Interim Joint Committee on Appropriations and Revenue


Budget Review Subcommittee on Transportation


Minutes of the<MeetNo1> 3rd Meeting

of the 2013 Interim


<MeetMDY1> September 26, 2013


Call to Order and Roll Call

The<MeetNo2> third meeting of the Budget Review Subcommittee on Transportation of the Interim Joint Committee on Appropriations and Revenue was held on<Day> Thursday,<MeetMDY2> September 26, 2013, at<MeetTime> 10:00 AM, in<Room> Room 129 of the Capitol Annex. Representative Leslie Combs, Chair, called the meeting to order, and the secretary called the roll.


Present were:


Members:<Members> Senator Jimmy Higdon, Co-Chair; Representative Leslie Combs, Co-Chair; Senator R.J. Palmer II; Representatives Hubert Collins, Tim Couch, Robert R. Damron, Jim Gooch Jr., Keith Hall, John Short, and Jim Stewart III.


Guests: Representatives Kim King and Susan Westrom. Dave Adkisson, President and CEO, Kentucky Chamber of Commerce. Transportation Cabinet: Mike Hancock, Cabinet Secretary; Tammy Branham, Executive Director, Office of Budget and Fiscal Management; and Nancy Albright, Director, Division of Maintenance, Department of Highways.


LRC Staff: Chuck Truesdell, Jennifer Anglin, and Spring Emerson.


Chair Combs called for a motion to approve the minutes of the last meeting, which was held on July 25, 2013. A motion was made by Representative Collins and seconded by Representative Hall, and the minutes were approved without objection.


Discussion of a Report by the Kentucky Chamber of Commerce

Dave Adkisson, President and CEO, Kentucky Chamber of Commerce, provided an overview of the report Private Solutions to Public Problems: Partnerships to Build a Better Government, which outlines some of the ways Public-Private Partnerships (P3s) can be used as possible funding solutions for various projects throughout the Commonwealth.


In response to questions from Representative Collins, Mr. Adkisson said in order to prevent a partner from not keeping up with maintaining the roads, an attorney should be utilized to build safety points into the written contract. He said state government is so strapped for money that it cannot promote the assets it has in order to bring in more revenue.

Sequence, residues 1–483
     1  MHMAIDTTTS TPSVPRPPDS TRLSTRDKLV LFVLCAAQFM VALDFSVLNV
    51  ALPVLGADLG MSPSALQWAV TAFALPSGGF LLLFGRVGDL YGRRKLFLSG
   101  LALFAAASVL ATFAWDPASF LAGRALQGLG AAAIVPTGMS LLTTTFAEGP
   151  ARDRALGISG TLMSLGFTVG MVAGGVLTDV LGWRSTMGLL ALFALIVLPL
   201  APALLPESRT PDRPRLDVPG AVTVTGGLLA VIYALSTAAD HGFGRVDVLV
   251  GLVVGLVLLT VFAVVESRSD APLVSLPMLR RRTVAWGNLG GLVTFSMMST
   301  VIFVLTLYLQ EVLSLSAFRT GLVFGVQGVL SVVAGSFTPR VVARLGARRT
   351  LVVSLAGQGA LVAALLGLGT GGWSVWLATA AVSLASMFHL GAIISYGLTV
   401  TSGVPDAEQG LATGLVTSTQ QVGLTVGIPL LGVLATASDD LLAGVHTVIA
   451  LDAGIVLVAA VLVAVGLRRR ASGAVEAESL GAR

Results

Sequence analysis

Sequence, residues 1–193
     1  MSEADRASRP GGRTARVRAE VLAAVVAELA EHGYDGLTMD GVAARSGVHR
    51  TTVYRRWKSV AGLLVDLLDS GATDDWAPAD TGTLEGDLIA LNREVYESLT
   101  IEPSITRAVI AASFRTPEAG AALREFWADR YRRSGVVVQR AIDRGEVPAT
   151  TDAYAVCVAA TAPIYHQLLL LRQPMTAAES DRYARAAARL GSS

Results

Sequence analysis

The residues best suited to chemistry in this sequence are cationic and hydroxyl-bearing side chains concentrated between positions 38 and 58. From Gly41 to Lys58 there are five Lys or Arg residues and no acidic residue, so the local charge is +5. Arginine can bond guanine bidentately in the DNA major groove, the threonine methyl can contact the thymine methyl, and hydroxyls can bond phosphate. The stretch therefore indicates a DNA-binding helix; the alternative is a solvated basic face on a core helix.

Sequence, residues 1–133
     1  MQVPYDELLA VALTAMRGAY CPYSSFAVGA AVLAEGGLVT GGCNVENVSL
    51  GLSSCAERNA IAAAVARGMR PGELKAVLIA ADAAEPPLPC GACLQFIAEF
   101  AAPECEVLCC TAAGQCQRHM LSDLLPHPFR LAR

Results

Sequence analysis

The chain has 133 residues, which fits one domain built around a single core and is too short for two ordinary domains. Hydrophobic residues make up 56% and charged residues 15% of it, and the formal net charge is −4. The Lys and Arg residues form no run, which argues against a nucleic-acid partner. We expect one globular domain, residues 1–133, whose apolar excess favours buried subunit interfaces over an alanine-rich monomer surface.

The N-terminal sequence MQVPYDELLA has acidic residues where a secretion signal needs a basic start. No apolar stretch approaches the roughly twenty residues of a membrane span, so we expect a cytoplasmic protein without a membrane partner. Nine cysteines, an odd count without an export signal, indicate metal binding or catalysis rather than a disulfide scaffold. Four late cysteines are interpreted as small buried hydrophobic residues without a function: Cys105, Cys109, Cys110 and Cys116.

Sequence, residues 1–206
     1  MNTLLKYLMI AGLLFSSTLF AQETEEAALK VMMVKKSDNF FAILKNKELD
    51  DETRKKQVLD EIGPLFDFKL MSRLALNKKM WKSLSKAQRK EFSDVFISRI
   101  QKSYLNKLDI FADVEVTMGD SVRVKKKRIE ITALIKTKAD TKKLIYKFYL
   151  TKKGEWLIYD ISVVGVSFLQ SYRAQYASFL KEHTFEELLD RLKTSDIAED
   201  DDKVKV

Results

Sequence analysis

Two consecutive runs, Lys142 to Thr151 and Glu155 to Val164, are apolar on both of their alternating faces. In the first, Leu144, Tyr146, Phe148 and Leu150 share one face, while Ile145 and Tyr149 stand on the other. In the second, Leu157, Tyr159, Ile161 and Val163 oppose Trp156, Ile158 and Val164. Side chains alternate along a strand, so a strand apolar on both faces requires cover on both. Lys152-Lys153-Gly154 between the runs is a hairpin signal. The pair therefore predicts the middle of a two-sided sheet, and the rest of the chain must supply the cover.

In response to questions from Representative Damron, Mr. Adkisson said legislation would be necessary in order to allow for unsolicited proposals which would mean the creativity of the private sector would be brought to bear. This could be a long-term advantage for Kentucky. Chair Combs stated that the use of P3s could be broadened to include other areas.


In response to a question from Senator Higdon, Mr. Adkisson said the efficiency of the process is part of the reason for the savings realized at the dormitory building at Eastern Kentucky University. A comprehensive system with an ongoing dialogue to find the best way to serve the public would be ideal.


Representative Damron stated that the best example of this type of partnership would be at the University of Kentucky with the construction of their dorm rooms, which was achieved at a higher quality, faster speed, and at a lower cost than the university would have been able to do on their own. UK has a strong business model, and it has proved to be a successful example of P3 use. If P3s are utilized in Kentucky, the legislation should be all-encompassing to allow innovation, not only in roads and transportation issues, but in the Parks system and other places as needed. The office should be located in the Governorís office and should be expanded down to allow municipalities and counties to have the same types of arrangements and services at the local level.